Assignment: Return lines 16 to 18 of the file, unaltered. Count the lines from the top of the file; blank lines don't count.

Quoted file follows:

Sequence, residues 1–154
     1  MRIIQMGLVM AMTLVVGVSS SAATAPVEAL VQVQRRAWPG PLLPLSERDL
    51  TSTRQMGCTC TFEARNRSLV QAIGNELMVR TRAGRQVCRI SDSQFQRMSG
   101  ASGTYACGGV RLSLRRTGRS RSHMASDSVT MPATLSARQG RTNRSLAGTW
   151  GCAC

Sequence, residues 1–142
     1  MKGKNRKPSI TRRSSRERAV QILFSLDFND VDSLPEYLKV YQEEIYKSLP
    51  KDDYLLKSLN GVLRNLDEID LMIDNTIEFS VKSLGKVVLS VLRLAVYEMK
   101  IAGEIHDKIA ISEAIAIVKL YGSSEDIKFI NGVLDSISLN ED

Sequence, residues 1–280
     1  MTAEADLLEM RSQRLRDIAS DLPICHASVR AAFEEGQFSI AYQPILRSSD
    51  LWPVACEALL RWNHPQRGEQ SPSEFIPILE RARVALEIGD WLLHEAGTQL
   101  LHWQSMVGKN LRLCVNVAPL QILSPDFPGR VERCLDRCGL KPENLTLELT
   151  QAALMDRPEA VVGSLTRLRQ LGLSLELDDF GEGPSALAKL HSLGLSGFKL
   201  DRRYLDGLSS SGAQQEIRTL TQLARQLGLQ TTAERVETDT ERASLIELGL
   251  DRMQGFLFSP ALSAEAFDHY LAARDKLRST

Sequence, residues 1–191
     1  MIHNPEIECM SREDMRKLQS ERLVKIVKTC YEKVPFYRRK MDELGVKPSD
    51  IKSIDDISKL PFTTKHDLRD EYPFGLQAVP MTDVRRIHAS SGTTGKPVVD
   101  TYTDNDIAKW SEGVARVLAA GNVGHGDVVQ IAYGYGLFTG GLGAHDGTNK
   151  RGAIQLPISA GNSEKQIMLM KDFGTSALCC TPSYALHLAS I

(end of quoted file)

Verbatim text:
   251  DRMQGFLFSP ALSAEAFDHY LAARDKLRST

Sequence, residues 1–191
     1  MIHNPEIECM SREDMRKLQS ERLVKIVKTC YEKVPFYRRK MDELGVKPSD